In this case you may need to wet sand in order to remove defects if the finish has already been applied, and this is where 400 grit and 320 grit shine. Most of the time, 400 grit paper is going to be perfect when wet, and will power through any defects in a clear finish.
See Also: 10 Step Guide to Wood Finishing
Individual Sandpaper Grits
Now that we’ve gone through the most common uses for the different sandpaper grades, at least as they pertain to woodworking and wood finishing, it’s time to dive deep into each specific grit.
Here is the list so that way you can see what’s coming, and each one of them will be explained in detail. Again, if you want the quick version, just grab the grits mentioned above depending on whether you are finishing, or doing general woodworking.
Here is the Sandpaper Grit list:
- 80 Grit Sandpaper
- 100 Grit Sandpaper
- 120 Grit Sandpaper
- 150 Grit Sandpaper
- 180 Grit Sandpaper
- 220 Grit Sandpaper
- 320 Grit Sandpaper
- 400 Grit Sandpaper
- Very Fine Grit Sandpaper
- Polishing Papers and Pads
See Also: A Beginners Guide to Woodworking
80 Grit Sandpaper
There are rougher grits available, but unless you were doing some very intense material removal, they are going to leave behind too many scratches.
The goal of using coarse sandpaper is to remove material quickly, but you also need to think about the surface you’re leaving behind.
After all, a chainsaw would remove material quickly as well, but it would take a long time to make smooth again.
80 grit paper is a very good compromise grit especially, over the ones that are very aggressive. If you have surfaces that are uneven, large defects, large dents, or anything of that nature, then 80 grit sandpaper is perfect for the job.
Simply wrap a piece around the sanding block, and then start sanding the area. You will notice very quickly how the area improves, and that you create a lot of sanding dust. This is because 80 grit sandpaper is much better at removing material than finer grits.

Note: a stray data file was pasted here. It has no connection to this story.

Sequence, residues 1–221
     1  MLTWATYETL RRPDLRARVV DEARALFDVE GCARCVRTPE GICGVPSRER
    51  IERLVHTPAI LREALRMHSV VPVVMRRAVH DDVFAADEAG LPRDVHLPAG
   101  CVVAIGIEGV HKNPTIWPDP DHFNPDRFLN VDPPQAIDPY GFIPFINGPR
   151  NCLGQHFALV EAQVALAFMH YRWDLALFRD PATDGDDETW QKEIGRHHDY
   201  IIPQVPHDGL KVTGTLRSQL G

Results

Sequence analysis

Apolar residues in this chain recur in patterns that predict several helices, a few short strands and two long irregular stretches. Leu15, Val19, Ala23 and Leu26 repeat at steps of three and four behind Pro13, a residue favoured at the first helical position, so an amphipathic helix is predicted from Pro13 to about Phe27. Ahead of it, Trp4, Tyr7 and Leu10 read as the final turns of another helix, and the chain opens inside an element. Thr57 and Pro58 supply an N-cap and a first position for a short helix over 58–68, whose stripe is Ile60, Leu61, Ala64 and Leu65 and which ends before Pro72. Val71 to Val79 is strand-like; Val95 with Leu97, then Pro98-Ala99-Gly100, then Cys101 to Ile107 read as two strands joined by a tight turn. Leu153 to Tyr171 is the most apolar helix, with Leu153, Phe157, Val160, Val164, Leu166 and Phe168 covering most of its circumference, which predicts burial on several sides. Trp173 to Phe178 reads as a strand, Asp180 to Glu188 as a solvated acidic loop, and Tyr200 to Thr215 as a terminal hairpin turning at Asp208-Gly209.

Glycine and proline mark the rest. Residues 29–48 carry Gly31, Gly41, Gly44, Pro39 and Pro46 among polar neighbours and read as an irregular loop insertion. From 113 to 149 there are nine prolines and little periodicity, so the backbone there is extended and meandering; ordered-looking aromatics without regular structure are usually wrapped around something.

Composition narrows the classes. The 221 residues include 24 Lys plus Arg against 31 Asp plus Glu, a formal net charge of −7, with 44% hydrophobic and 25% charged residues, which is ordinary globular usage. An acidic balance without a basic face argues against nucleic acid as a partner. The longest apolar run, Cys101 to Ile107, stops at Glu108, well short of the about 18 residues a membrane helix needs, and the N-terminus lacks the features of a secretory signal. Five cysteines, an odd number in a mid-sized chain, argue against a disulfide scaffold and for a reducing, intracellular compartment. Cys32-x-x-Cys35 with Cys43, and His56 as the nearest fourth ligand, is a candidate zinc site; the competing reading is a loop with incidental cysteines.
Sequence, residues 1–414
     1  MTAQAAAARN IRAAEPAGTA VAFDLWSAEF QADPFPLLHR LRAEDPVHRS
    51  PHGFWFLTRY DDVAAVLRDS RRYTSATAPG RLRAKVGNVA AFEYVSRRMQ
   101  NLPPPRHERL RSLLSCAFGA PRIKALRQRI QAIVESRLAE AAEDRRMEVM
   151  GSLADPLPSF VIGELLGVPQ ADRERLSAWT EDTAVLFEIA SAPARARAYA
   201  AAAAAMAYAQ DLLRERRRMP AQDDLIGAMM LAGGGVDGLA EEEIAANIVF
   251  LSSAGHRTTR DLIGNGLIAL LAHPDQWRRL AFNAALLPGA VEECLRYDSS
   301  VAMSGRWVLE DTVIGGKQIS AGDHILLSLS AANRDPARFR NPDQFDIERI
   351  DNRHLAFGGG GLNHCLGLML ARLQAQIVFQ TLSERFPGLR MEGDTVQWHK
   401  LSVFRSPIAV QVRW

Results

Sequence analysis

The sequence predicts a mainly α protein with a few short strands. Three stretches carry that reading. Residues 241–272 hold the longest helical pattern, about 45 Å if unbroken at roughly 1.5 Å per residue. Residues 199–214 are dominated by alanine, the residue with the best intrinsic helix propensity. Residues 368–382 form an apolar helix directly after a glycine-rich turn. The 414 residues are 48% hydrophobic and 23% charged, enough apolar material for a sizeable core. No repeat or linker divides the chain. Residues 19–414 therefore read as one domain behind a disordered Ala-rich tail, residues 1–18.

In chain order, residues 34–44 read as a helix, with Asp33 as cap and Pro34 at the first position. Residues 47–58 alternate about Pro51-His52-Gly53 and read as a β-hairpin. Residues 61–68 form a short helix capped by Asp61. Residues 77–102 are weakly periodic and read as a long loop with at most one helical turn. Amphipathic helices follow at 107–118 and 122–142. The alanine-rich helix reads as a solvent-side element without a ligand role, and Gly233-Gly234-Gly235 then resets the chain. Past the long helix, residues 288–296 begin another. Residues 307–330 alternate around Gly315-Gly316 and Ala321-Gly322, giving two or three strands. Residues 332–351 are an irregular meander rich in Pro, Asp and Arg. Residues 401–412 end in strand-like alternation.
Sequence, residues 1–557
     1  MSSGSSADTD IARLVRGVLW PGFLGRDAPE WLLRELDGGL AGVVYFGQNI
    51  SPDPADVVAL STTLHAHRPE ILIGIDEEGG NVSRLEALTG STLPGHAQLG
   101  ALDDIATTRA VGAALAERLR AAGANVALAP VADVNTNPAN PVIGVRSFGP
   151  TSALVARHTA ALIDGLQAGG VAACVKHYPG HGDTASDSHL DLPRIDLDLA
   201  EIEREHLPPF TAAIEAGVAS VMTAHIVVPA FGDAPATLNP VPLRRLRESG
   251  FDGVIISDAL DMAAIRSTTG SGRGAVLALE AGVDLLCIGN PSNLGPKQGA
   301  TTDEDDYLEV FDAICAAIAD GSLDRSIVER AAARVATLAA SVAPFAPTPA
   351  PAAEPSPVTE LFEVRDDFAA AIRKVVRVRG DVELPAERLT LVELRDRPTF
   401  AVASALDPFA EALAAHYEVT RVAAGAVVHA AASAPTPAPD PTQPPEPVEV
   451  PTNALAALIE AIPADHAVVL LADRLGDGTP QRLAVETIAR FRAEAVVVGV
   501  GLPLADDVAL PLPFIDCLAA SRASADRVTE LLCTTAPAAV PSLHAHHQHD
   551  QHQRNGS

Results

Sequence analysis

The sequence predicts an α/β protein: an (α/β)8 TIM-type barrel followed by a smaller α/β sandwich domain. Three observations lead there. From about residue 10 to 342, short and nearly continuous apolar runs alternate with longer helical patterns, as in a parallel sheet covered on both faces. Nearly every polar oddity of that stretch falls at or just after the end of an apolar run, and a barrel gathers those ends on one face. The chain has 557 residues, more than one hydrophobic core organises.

This sandpaper is also good any time two surfaces are not quite flush, and you need to make them even. It does leave a fair amount of scratches, but the trade-off is a lot less time spent sanding.
On most power sanders and belt sanders, 80 grit is the most common grit. It’s great for removing material quickly, especially with power tools.
100 Grit Sandpaper
I really like 100 grit sandpaper, because it still has some aggression with the coarseness, but it’s not quite as coarse as the 80 grit.This sandpaper will remove material quickly, but not leave the same type of scratches, which can be beneficial.
100 grit sandpaper is also a little easier to bend around a sanding block without breaking, and that flexibility is nice on curves as well. There is not a huge difference in aggression between the two grits, the difference in 100 grit is the smoother surface.
When you have a situation where you do need to remove some materials, but you don’t necessarily need to remove a lot, then 100 grit sandpaper is a good choice.
You will love how quickly your surface changes, but you will also love that there aren’t a ton of deep scratches to remove later.
The grit sizes that are the best for random orbit sanders and orbital sanders are the more coarse grits, like 100 down to about 150 for quick removal of material without too much scratching.
120 Grit Sandpaper
The next finest grade of sandpaper after 100, is 120. Moving down the line, this paper is good for times when you have to remove a little material, but you really don’t need anything that’s too tough.
A nice piece of 120 grit sandpaper can be a perfect medium grit for a lot of different applications.
For example, if you are rounding over corners, and breaking sharp edges, 120 can be great for this purpose. It’s coarse enough that it will get the job done quickly, but not so course that it will leave drastic marks on the wood.